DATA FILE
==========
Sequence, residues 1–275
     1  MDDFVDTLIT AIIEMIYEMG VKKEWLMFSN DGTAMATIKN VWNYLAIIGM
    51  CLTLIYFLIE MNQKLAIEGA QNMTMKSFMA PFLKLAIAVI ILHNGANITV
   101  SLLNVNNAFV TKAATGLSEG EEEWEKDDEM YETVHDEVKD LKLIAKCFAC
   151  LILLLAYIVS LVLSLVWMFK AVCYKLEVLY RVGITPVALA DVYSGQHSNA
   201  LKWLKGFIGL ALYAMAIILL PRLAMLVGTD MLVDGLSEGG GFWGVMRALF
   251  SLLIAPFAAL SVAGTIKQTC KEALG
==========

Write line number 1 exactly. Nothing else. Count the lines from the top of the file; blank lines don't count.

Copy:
Sequence, residues 1–275